Washington--President Bush has selected D. Allen Bromley, a prominent nuclear physicist from Yale University, as his science adviser, the White House announced last week.
The adviser, who directs the White House Office of Science and Technology Policy, is responsible for providing expertise on a broad range of scientific and technical issues, including science education.
At a recent Senate hearing, the science advisers to three former Presidents cited the “crisis” in science education as one of the most critical problems facing the field.
Leaders of several science groups, who had criticized President Reagan for reducing the post’s prominence, had expressed frustration4over President Bush’s delay in naming an adviser and urged him to upgrade the status of the office.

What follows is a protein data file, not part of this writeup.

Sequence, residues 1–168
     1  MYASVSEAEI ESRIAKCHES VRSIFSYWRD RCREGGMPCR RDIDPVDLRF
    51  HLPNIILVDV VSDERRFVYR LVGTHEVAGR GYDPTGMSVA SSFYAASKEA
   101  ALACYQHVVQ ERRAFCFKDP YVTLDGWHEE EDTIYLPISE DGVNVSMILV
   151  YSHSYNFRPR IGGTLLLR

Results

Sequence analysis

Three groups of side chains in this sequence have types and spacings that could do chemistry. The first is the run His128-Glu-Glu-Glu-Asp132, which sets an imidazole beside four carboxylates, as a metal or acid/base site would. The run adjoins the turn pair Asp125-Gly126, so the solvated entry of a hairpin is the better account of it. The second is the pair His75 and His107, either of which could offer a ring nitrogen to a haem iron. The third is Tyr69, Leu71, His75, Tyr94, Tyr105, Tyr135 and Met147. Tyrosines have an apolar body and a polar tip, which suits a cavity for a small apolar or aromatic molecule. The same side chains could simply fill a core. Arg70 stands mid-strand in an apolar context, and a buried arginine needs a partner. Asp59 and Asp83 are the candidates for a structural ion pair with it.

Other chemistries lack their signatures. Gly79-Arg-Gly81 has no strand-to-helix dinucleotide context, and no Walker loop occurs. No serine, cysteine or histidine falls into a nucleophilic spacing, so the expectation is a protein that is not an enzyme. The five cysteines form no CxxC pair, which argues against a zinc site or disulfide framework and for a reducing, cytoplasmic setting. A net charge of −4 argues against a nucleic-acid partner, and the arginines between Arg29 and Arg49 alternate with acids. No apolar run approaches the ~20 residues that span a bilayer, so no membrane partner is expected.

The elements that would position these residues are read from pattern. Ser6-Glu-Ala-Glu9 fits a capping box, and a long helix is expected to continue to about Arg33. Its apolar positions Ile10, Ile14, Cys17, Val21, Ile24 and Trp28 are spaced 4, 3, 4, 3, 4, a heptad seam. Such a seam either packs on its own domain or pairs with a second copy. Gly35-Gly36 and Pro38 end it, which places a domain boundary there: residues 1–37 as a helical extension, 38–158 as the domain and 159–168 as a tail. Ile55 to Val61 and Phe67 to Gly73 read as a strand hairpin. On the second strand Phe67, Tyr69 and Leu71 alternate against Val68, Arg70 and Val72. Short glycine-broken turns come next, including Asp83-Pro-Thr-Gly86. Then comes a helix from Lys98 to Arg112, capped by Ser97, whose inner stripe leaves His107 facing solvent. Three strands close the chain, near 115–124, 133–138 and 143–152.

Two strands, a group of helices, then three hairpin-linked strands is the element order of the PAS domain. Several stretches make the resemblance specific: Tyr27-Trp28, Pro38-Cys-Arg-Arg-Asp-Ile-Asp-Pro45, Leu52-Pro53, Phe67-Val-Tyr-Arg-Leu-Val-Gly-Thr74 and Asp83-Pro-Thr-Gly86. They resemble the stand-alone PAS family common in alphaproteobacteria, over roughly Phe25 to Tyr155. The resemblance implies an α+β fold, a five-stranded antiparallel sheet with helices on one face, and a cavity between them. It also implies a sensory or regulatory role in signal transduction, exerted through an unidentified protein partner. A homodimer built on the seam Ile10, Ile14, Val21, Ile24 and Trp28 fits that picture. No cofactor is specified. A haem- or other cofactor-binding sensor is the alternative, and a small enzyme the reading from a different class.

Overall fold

In a report issued earlier this year, for example, the Carnegie Commission on Science, Technology, and Government, a group of 21 leading scientists and policymakers, urged that the science adviser’s post be elevated to that of assistant to the President.
The group recommended that the aide “handle science and technology questions relating to policy directions, budgetary choices, the organization of the Executive Office staff, and the identification and review of candidates for major Presidential appointments to science and technology posts in the executive branch."--rr
A version of this article appeared in the April 26, 1989 edition of Education Week as Bush Names Physicist as Science Adviser